Conservation Tips from DREW SEARING
Second Hand Clothes
Apart from food, clothes shopping has the highest environmental impact of all consumer activities, with about 40K gallons of water used in the production and transport of new clothes bought by the average American household each year. Instead, resist artificially created fashion cycles. The garments found in a vintage or thrift shop are often better than new items in quality and cost a fraction of the price (your cost and the environmental cost!). Better yet, resist wearing clothes at all and join a nudist colony!
As Nature Intended
Organic produce, grown without the use of fossil fuel-based fertilizers, synthetic pesticides or genetic modification, is not only healthy for you but infinitely better for the environment (greater biodiversity at all levels of the food chain, especially the health of the soil). Unprocessed food reduces the risk of obesity, allergies, heart disease and cancer. Organic produce also contains significantly higher concentrations of essential vitamins and minerals. As an added bonus, it TASTES better too!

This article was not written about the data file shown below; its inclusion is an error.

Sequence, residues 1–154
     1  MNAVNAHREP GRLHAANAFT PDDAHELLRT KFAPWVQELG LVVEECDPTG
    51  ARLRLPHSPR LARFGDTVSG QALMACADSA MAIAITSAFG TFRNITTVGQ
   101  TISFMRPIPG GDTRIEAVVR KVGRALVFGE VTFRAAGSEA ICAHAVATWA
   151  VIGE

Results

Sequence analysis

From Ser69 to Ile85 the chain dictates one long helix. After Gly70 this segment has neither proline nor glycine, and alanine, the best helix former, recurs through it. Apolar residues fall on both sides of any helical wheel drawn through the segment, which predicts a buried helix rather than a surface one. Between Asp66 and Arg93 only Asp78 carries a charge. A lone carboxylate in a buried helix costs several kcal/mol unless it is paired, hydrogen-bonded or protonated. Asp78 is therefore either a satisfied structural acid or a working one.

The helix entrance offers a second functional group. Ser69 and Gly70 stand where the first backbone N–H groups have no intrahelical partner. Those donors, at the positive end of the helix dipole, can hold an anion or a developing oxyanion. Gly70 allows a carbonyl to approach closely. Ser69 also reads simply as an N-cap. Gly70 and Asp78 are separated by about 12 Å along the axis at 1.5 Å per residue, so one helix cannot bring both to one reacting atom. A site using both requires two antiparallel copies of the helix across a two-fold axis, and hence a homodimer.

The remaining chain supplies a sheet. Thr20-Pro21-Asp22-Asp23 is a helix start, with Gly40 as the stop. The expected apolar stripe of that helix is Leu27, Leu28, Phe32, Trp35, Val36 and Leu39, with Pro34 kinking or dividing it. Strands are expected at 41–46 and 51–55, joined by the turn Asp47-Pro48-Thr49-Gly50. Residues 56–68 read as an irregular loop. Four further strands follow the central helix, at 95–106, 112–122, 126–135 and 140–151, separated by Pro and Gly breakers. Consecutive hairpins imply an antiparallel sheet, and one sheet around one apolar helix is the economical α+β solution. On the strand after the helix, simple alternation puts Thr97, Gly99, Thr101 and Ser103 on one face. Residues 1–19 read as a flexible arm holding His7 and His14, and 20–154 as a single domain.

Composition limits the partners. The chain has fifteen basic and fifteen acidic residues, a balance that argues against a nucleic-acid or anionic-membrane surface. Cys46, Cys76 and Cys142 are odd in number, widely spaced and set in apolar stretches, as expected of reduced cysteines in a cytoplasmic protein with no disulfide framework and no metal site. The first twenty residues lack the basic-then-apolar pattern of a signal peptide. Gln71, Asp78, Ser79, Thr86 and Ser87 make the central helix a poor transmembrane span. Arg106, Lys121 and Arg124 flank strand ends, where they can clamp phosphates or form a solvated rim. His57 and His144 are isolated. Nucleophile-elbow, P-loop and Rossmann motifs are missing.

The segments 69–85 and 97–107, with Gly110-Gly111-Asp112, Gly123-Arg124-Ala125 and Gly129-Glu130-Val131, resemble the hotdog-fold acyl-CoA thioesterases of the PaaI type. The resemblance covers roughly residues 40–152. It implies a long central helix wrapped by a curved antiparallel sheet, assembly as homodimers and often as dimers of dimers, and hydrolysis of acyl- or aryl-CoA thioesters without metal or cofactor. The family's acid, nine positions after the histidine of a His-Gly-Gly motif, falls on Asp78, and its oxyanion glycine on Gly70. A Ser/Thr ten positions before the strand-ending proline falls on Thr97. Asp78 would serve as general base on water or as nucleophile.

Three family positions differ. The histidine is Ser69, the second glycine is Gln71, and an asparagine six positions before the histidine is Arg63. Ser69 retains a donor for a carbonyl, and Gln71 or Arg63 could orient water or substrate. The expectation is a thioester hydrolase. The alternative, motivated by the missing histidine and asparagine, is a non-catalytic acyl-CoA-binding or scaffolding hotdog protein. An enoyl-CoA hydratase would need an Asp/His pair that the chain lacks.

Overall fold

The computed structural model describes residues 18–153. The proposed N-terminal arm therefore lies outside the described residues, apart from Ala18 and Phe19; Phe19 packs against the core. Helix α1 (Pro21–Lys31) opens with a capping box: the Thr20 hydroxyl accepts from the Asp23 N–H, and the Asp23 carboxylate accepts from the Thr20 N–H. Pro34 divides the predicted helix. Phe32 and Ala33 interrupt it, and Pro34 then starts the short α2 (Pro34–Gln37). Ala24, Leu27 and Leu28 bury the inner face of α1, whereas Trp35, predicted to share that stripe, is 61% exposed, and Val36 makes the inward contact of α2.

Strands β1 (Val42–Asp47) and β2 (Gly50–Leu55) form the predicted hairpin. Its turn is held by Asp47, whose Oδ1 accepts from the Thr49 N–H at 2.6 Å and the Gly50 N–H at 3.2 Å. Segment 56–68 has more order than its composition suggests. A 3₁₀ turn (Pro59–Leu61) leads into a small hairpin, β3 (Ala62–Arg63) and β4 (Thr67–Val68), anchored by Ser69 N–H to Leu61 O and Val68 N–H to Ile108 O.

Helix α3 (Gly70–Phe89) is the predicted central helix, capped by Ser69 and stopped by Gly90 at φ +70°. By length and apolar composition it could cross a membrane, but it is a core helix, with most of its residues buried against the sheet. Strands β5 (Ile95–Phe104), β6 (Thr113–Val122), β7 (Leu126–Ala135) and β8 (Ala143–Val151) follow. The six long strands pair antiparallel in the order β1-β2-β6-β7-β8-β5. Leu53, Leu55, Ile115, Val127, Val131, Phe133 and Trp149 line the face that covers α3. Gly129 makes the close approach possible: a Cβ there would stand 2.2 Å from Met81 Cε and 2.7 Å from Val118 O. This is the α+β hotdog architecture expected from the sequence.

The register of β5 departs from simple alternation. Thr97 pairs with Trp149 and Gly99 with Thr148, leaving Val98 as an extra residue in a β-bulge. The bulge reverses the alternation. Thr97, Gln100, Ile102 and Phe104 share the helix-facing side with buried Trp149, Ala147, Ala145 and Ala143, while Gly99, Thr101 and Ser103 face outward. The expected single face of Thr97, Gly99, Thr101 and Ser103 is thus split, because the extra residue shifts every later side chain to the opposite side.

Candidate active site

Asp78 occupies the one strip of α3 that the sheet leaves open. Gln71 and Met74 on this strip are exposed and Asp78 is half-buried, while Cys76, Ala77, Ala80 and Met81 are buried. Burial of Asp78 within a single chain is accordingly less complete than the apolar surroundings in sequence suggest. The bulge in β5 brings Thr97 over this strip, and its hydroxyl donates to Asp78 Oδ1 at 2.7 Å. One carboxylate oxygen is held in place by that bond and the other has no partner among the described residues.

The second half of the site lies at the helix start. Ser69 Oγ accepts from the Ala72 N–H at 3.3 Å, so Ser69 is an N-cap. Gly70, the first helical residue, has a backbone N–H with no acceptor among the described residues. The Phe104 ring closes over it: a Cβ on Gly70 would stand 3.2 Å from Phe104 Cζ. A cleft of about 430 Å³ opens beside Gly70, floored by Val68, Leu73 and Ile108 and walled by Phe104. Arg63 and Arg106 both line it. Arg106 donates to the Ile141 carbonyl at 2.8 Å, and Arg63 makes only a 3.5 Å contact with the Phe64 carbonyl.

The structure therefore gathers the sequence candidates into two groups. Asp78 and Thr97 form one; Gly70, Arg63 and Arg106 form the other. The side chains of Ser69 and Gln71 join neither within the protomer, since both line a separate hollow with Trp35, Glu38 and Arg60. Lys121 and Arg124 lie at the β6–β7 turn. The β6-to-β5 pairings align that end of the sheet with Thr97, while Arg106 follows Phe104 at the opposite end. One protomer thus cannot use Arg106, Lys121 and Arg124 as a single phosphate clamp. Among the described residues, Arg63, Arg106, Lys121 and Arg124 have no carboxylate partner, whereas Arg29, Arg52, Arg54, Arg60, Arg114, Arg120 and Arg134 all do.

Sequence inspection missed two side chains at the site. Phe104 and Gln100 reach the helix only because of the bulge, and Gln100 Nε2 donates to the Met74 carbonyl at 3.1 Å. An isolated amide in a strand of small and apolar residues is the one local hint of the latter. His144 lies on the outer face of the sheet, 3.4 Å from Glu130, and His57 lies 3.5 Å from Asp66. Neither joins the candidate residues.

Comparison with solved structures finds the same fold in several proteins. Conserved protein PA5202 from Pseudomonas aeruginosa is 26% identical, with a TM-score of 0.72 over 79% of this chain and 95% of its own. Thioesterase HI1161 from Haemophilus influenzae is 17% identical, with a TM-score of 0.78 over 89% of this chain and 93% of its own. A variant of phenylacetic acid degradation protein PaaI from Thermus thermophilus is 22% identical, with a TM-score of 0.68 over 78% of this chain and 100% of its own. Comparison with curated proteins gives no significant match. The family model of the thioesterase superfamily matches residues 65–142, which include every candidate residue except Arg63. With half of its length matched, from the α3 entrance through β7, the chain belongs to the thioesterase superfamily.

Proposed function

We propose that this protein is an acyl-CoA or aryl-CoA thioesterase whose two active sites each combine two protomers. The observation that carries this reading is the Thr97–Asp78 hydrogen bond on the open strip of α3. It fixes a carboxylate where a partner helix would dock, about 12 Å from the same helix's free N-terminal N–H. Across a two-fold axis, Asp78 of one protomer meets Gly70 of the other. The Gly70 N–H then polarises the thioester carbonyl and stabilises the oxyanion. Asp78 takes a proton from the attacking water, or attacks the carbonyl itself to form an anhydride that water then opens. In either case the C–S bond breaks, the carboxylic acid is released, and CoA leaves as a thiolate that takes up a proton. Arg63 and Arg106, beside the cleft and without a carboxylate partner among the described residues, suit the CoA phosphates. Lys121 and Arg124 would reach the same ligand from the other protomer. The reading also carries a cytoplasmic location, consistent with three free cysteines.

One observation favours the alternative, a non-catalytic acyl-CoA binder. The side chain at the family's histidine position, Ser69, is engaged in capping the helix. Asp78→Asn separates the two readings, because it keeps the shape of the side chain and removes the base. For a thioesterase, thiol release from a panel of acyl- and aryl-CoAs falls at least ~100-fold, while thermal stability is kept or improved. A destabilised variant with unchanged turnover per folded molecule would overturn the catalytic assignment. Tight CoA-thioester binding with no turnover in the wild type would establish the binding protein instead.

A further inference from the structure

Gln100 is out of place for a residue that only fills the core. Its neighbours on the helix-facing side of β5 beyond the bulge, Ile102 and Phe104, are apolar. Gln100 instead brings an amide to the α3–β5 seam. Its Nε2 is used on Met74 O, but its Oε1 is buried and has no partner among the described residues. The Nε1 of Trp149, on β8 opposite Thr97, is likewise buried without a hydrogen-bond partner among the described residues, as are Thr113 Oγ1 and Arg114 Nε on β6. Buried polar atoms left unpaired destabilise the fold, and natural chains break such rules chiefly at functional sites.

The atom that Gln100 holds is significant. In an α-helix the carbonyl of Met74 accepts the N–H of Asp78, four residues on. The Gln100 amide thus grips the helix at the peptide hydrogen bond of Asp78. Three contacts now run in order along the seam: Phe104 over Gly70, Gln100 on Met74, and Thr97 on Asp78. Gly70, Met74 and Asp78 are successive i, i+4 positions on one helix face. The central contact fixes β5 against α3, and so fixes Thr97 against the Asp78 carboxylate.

Refuse PLASTIC bags
The abuse of plastic bags has created a giant garbage gyre in the middle of the Pacific — double the size of Texas. Only 0.6 percent are recycled; instead most go into the landfill or worse, an estimated 100 million are let loose in the wild. These “urban tumbleweeds” clog sewers, gutters, waterways; entangle birds, and are swallowed by hundreds of thousands of whales, turtles and other marine life. Say NO to plastic bags offered at shops; instead, take not just one, but several reusable bags with you whenever you shop. Keep a few in your bike basket or your car so you’ll always remember. Take that extra walk back to your vehicle if you forget the bags. The Earth will love you for it!
Rain, Rain: don’t go away!
If one million people used RAIN BARRELS, they could collect enough water for the daily usage of about one million others! Consider installing a rain collection system for your home. With just one inch of rainfall, 600 gallons can be collected from a 1,000 square-foot roof; then water your home garden with the water saved. Plants respond better to the nitrogen-rich rainwater than to city water. For a local, environmentally-conscious rain barrel company: http://www.rainthanks.com/